Why did we bury the ashes?
By Nedda Sarshar
Because in the last year of his life, my grandfather dreamt
of mulberry trees and freshwater wells engrained in mountain sides.
Because in the garden, he planted
banafshehs and nana that my grandmother boiled for chai .
Because in the little apartment on Yonge and North York, there were only the sounds
of passing cars and the waft of leftovers thrown out in the lot.
Because no one else in the neighbourhood could make their tomatoes grow.
He said it was because they did not know to love their dirt.
Because he had suspected long before the diagnosis it was dementia,
his handwriting unrecognizable and head full of fog.
Because he spent his youth in caves eating noon and sour cherry jam,
watching sunsets on mountain peaks his grandchildren would never see.
Because he had stopped speaking Farsi , and grew irate
when I could not respond to his slurred and country Azeri .
Because he taught me to play chess on the handmade marble board
in the garden while the sparrows sang overhead.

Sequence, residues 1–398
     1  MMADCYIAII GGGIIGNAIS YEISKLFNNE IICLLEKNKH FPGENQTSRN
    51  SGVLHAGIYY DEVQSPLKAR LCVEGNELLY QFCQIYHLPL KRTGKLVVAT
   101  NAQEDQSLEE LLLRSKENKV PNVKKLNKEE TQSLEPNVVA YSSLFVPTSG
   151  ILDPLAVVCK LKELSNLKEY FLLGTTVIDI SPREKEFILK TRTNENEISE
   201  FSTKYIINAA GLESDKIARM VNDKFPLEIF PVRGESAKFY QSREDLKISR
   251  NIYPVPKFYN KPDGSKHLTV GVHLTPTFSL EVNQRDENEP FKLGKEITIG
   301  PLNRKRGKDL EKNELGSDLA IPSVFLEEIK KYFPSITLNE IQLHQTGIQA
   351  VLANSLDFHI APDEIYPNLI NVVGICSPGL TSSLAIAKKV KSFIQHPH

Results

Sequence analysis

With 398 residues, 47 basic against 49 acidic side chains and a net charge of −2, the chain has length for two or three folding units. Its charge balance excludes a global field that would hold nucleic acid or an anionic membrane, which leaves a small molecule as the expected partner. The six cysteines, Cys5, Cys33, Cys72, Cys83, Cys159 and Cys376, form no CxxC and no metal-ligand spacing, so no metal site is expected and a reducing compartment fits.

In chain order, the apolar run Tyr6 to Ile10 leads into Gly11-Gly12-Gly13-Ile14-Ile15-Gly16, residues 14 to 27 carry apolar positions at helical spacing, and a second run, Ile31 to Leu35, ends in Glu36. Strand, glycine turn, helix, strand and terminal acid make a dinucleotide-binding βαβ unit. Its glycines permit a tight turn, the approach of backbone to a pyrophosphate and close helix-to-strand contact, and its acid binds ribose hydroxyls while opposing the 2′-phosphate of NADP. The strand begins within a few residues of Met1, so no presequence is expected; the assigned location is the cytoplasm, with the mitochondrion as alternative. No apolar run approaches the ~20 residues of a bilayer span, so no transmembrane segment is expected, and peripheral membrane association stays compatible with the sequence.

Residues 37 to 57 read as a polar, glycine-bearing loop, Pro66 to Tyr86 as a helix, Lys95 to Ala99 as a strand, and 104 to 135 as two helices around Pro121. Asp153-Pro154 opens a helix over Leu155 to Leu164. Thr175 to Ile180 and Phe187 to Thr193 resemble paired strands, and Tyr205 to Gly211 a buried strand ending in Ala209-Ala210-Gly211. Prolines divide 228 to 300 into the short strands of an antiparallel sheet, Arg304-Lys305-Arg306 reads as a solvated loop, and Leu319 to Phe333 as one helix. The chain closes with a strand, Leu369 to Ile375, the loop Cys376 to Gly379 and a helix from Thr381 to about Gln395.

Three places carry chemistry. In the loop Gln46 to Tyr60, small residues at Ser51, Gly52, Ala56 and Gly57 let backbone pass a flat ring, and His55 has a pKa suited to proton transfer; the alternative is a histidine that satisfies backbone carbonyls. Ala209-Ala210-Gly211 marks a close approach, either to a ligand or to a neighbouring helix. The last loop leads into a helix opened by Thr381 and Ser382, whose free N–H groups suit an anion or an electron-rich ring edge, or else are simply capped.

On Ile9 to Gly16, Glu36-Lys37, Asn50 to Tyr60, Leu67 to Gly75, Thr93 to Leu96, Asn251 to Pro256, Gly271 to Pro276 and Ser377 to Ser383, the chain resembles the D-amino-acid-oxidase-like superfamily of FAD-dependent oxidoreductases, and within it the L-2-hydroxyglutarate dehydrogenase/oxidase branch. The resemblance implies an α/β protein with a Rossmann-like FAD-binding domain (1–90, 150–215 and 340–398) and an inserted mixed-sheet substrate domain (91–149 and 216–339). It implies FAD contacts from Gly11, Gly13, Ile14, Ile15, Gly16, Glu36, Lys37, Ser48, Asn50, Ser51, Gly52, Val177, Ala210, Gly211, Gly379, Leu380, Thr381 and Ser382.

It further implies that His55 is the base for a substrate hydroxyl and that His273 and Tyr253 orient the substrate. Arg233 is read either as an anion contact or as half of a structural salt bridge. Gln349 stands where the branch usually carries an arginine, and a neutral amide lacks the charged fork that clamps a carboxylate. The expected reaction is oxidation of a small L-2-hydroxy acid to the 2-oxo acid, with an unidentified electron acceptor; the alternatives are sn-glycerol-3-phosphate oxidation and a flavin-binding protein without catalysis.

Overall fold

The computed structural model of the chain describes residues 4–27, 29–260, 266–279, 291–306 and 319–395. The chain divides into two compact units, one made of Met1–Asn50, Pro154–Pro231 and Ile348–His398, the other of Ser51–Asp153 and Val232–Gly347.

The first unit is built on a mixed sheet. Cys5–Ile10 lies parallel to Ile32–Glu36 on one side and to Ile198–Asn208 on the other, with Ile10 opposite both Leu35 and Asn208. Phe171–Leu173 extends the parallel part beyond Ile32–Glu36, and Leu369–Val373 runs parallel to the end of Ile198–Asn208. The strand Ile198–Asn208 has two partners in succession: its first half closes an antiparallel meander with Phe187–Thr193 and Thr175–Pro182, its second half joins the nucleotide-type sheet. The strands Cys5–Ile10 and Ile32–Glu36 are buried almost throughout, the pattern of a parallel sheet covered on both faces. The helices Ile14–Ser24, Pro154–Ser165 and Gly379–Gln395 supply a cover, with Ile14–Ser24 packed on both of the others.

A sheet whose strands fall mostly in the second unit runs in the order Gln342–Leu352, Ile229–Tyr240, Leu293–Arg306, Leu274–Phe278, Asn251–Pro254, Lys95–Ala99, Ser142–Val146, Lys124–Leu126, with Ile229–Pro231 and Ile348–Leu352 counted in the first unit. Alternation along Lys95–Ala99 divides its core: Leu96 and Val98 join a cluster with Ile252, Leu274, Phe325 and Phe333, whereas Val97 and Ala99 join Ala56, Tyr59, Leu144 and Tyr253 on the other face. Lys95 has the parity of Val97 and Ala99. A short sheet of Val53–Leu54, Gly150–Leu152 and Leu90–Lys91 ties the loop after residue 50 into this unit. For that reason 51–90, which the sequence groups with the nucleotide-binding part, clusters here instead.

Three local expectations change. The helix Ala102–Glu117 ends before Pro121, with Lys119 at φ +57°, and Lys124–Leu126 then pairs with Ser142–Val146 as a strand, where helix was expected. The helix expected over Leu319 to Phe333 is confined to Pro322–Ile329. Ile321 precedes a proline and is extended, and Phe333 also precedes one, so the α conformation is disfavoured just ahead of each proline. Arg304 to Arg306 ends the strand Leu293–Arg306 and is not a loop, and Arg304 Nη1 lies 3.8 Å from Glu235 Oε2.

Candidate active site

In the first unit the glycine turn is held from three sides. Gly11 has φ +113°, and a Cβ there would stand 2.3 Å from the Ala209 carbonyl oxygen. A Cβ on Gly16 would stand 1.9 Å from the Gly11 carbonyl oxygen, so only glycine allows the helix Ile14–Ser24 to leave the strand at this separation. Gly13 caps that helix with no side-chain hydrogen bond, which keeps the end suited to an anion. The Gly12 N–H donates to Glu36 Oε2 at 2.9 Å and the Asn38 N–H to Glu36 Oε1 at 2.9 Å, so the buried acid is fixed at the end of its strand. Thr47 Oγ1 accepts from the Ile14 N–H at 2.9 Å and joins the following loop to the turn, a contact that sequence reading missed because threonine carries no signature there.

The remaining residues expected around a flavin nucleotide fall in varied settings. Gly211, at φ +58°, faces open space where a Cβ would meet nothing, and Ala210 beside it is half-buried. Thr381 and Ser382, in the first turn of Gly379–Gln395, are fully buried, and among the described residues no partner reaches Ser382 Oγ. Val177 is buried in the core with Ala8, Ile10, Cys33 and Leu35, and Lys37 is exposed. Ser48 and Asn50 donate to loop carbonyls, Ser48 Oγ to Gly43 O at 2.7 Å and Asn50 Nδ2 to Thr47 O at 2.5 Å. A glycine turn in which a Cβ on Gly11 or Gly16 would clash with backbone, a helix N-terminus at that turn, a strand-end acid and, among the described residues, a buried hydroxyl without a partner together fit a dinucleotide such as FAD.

Because by the end he called me by mother’s name,
stopped calling me Naz Khanoom, Naz Khatoon when I walked in.
Because I used to love to pick the cucumbers he sliced for salade Shirazi ,
consumed with salmon and saffron sprinkled berenge , my fingers sticky and tinted red.
Because he told my grandmother they should never have come to Canada,
and that he wanted to die in Maragheh, in the valleys with forgotten names.
Because I once watched him follow a single vine until he uncovered
the massive eggplant hidden between the thick trunk and fence.
Because he saved the eggplant and hung it from his wall, and I got it
when we went to empty the apartment the day after after after—
Because after we buried his ashes, I dreamed that we met in the garden and he
looked at my face and said that he wished he could remember me.
Nedda Sarshar is an emerging Iranian-Canadian writer based in the Greater Toronto Area. Her writing has been published in PRISM International, Room Magazine, and This Magazine. Most recently, her nonfiction piece was long-listed for Room's 2020 Short Form Contest. She was a participant in the 2018 Banff Emerging Writers Intensive, and is a mentee of the esteemed Chelene Knight. She enjoys writing about diasporas, identity-crisis' and star-crossed lovers.